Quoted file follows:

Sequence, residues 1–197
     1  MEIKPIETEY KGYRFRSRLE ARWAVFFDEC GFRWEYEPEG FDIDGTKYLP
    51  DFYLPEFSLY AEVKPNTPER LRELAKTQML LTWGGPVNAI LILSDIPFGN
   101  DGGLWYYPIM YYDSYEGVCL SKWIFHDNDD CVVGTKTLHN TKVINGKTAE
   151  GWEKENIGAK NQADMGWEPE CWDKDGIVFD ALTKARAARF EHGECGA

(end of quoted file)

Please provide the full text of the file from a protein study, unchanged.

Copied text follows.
Sequence, residues 1–197
     1  MEIKPIETEY KGYRFRSRLE ARWAVFFDEC GFRWEYEPEG FDIDGTKYLP
    51  DFYLPEFSLY AEVKPNTPER LRELAKTQML LTWGGPVNAI LILSDIPFGN
   101  DGGLWYYPIM YYDSYEGVCL SKWIFHDNDD CVVGTKTLHN TKVINGKTAE
   151  GWEKENIGAK NQADMGWEPE CWDKDGIVFD ALTKARAARF EHGECGA